To way too many Torontonians, Mel Lastman Square doesn't mean much more than our former mayor and his current furniture commercials.  But since it opened more than twenty-five years ago, it's been a hub for the arts, cultural fairs, reading, lounging, and laid-back—usually free!—community activities. So for the second installment of...

[caption id="attachment_108" align="alignnone" width="700"] Image of small space living[/caption] You love the look, you love the location—but you're not sure about the size. With micro condos—condos under 500 square feet—making up five percent of new Toronto condos for 2014 and minimalist living so trendy whole apartment blogs are devoted to it, renters...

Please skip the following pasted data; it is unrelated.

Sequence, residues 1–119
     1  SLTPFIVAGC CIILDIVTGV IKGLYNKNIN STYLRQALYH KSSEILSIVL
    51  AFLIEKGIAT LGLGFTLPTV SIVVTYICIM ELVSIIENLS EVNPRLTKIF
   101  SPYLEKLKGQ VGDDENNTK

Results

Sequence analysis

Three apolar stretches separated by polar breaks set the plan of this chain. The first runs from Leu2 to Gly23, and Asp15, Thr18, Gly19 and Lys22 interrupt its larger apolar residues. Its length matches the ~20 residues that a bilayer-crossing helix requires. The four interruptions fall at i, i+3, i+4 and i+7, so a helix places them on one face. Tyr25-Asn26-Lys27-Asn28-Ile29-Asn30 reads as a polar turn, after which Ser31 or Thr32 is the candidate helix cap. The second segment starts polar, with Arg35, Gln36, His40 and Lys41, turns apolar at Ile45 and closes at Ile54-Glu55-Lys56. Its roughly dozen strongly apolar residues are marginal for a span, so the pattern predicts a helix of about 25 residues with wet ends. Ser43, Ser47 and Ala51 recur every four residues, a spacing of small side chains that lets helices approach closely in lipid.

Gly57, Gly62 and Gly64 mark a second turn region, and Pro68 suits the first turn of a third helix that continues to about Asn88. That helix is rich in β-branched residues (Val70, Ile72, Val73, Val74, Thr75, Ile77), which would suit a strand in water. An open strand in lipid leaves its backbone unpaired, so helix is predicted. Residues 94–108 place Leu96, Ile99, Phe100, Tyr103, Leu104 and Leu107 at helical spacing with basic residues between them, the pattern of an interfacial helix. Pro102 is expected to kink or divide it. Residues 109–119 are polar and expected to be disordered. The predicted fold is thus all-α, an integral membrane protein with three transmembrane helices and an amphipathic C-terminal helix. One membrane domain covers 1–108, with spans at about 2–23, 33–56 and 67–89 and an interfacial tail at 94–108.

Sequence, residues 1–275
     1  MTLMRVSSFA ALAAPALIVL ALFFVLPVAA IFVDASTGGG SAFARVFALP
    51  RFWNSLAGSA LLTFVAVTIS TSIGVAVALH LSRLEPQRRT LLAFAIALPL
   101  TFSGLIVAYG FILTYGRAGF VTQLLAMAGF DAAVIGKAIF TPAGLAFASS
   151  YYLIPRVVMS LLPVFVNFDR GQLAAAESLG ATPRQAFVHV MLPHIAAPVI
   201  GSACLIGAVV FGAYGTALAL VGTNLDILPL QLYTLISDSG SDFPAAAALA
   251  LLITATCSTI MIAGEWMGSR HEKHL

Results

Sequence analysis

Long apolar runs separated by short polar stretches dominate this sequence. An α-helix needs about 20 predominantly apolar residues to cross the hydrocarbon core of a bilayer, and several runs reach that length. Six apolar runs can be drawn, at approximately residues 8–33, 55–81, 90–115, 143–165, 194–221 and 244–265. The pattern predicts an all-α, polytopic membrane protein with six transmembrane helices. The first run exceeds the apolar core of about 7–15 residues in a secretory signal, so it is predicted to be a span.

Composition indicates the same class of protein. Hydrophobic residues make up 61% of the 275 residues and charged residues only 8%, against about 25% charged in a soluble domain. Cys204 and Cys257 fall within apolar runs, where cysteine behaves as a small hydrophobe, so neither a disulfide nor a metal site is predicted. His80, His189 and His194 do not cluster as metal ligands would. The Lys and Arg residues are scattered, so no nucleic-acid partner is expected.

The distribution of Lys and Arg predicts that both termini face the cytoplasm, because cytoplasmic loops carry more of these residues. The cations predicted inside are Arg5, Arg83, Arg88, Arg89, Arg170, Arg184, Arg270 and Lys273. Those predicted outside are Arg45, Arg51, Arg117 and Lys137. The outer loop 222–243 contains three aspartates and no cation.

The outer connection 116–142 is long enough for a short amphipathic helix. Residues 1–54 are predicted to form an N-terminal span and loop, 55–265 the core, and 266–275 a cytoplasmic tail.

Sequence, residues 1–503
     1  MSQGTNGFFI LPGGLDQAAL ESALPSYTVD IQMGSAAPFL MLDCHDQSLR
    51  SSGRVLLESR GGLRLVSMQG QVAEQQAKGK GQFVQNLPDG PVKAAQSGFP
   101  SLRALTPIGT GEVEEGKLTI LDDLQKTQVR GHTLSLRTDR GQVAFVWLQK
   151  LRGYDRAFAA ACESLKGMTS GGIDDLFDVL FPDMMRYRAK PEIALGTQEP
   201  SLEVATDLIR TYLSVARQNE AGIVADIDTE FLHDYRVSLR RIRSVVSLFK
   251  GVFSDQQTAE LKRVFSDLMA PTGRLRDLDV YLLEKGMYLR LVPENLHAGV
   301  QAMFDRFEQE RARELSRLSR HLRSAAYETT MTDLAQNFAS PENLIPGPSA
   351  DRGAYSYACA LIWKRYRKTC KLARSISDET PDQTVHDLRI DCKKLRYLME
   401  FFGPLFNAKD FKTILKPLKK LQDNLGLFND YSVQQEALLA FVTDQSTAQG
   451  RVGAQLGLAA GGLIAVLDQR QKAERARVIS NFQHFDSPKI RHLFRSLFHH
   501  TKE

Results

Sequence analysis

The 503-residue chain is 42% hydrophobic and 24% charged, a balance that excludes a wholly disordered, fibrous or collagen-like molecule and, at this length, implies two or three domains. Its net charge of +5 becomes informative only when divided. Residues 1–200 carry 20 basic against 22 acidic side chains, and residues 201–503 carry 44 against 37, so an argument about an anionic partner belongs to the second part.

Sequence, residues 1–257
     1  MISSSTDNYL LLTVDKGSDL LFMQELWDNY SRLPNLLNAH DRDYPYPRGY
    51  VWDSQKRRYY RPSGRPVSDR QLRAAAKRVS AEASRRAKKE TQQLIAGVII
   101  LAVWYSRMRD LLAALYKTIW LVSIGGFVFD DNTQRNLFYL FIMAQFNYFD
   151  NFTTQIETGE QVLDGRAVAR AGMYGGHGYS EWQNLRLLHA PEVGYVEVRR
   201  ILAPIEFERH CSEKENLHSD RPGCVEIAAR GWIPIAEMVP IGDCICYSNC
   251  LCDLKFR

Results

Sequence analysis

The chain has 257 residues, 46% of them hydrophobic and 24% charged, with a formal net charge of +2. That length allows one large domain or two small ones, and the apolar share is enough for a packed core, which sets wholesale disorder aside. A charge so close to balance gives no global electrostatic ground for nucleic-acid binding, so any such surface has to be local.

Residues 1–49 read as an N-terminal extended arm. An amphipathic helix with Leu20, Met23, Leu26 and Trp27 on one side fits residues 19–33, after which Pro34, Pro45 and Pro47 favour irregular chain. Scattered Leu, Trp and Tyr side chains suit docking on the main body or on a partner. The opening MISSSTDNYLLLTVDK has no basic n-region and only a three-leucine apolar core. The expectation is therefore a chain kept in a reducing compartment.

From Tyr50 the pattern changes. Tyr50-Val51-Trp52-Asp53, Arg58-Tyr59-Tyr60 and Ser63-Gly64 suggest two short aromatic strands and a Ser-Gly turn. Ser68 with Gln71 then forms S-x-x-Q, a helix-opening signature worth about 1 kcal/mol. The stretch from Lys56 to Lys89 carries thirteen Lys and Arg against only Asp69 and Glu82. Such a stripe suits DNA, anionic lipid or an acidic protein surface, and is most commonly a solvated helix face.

Condo Sized LIving Toronto's urban sprawl tells a story about how we used to live: detached house, full yard, and space as paramount.  But with micro condos—condos of 500 square feet or less—making up 11% of the new condos coming onstream in the GTA this year, the shift from car culture to transit-friendly, neighbourhood-centred, community culture is in full swing, as Toronto buyers and renters are embrace the advantages of a clean, compact lifestyle. Here are four ways choosing condo-sized living can change your day-to-day routines—for the better.  1) Say goodbye to high heating and utility bills. Most condo corporations don't meter out heating, water, and hydro costs on top of your monthly rent: They combine those costs, along with your share of any major capital repairs, into a fixed monthly charge called condo fees, which are set by the condo board.  The budgeting benefits are part of what's attracted buyers and renters of all ages to condominium living.  The next big cold snap won't wreck your budget once the heating bill comes in, and fluctuating hydro rates are absorbed and evened out over the year. On top of that, your share of your building's condo fees is allocated based on the square footage of your unit—anywhere from 50 cents to a dollar per square foot, depending on the age of the building, how many amenities it contains, and how many units are there to share the load.  So a smaller unit means a lighter load when it comes to condo fees—and your entire utilities and heating bill, letting condo owners keep their costs down and condo renters, more often than not, see their entire utilities bill included as part of their monthly rent.